2. Hard to mark responses
Previous research has identified that sources of disagreement between examiners can be categorised as: procedural error (mistakes or not following procedure), attentional error (concentration lapses), inferential uncertainty (uncertainty in drawing inferences from the students’ responses) and definitional uncertainty (uncertainty in the definition of what is to be assessed). The first 2 categories can be described as errors, while the last 2 are present in responses for which there can be more than one legitimate mark. Our latest research finds that the frequency of each category tends to vary by subject. For example, in biology, inferential uncertainty is more common, while in English language definitional uncertainty is more likely. We expect exam boards to reflect on these findings to see where they can improve their mark schemes.
3. Marking versus comparative judgement
Our examination system values the use of extended response questions in assessing important higher-level skills. But these responses are harder to mark than shorter, or more constrained question types. This can impact upon the validity of the rank order of candidate work. We are therefore considering rank ordering students’ work by means other than marking. This study looked at 2 different alternatives – paired comparative judgement, and rank ordering by placing extended responses in rank order – and comparing these with ‘traditional’ marking using a mark scheme. The research finds that the 3 methods produce rank orders that are very similar. This work indicates that more research in this area could be worthwhile.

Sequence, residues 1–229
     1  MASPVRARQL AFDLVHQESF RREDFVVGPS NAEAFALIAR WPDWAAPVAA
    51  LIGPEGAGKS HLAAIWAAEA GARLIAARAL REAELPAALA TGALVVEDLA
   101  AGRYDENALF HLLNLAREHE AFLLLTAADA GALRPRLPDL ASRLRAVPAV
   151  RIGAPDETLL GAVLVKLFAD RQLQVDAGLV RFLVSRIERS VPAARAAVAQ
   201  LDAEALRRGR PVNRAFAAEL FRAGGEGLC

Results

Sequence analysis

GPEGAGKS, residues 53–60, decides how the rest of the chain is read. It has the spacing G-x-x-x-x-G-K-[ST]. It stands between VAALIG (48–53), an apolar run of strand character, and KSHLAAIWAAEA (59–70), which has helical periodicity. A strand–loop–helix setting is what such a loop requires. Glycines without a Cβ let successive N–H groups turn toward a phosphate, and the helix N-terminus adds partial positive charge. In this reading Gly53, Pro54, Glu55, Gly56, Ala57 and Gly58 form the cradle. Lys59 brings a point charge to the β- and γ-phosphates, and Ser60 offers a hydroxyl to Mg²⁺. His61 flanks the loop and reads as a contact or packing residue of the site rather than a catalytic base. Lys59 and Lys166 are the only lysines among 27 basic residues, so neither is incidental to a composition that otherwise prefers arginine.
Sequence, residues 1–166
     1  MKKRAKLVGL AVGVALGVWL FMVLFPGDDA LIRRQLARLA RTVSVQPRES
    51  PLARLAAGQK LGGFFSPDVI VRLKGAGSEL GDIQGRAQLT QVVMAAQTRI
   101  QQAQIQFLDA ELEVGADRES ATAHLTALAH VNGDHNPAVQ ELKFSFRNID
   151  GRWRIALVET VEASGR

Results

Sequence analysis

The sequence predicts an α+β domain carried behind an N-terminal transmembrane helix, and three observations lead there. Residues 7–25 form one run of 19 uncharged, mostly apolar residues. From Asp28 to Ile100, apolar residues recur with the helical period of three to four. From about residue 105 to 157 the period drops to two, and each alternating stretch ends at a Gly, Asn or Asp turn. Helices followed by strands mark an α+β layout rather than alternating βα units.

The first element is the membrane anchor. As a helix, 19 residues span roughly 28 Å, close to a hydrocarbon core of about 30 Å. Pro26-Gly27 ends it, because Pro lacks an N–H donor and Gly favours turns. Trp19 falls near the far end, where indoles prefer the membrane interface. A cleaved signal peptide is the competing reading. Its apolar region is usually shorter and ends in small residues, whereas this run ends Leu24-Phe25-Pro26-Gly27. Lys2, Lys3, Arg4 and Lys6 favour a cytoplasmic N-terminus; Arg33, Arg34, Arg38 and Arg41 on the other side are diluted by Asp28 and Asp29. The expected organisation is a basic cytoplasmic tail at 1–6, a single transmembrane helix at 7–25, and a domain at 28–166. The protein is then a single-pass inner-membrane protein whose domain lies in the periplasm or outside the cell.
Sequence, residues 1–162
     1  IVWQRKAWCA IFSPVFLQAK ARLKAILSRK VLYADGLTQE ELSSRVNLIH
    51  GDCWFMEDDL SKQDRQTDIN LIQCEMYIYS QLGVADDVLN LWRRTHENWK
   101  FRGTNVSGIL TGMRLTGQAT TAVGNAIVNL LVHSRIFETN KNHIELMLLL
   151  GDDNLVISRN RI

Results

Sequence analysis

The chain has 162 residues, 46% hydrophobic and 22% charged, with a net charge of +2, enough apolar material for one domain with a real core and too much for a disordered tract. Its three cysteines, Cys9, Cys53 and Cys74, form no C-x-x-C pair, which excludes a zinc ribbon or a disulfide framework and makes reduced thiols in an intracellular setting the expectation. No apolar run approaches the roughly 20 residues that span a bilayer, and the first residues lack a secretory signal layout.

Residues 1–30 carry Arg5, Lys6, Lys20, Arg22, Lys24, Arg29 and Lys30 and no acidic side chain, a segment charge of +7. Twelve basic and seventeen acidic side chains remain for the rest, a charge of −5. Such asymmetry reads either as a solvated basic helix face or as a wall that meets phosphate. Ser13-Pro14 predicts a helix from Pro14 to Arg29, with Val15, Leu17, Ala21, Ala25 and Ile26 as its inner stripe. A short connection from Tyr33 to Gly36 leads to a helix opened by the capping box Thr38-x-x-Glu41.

4. Marking consistency metrics – an update
Earlier work has focussed on component level marking consistency and found that results in England are comparable to others internationally. This paper reports new qualification level marking metrics, which are shown to be generally higher than those at component level from which they are comprised. And we note that marking consistency remained stable in England between 2013 and 2017. However, this does not mean that improvements cannot be made. In response, the paper considers how minimum acceptable levels of marking consistency might be defined, which would help exam boards to channel additional resource and support. We note that these thresholds would need take into account the subject and/or forms of assessment, but importantly, would need to be understood and accepted by the public.